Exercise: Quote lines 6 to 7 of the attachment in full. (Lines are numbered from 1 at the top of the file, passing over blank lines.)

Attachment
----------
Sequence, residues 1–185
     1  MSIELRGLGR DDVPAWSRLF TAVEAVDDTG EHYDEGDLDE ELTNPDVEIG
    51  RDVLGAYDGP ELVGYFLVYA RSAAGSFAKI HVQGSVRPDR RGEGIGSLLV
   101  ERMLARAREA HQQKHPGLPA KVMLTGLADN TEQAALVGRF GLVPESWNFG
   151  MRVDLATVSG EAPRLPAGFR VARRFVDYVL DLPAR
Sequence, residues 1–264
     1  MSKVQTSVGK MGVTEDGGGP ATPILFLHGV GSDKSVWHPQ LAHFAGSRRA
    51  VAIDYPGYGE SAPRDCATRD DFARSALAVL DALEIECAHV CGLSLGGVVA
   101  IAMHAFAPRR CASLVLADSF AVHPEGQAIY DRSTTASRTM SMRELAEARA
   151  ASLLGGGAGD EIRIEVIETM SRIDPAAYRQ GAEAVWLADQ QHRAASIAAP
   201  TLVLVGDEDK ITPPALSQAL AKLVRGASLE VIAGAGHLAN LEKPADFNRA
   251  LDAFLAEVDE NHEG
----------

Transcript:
Sequence, residues 1–264
     1  MSKVQTSVGK MGVTEDGGGP ATPILFLHGV GSDKSVWHPQ LAHFAGSRRA